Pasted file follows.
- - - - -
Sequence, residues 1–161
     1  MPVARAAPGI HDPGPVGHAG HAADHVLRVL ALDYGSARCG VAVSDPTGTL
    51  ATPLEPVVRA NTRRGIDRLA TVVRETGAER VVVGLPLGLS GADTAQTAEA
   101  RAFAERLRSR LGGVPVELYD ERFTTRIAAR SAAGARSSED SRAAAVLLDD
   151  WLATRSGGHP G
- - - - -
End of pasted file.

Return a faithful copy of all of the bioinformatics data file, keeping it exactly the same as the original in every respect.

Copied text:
Sequence, residues 1–161
     1  MPVARAAPGI HDPGPVGHAG HAADHVLRVL ALDYGSARCG VAVSDPTGTL
    51  ATPLEPVVRA NTRRGIDRLA TVVRETGAER VVVGLPLGLS GADTAQTAEA
   101  RAFAERLRSR LGGVPVELYD ERFTTRIAAR SAAGARSSED SRAAAVLLDD
   151  WLATRSGGHP G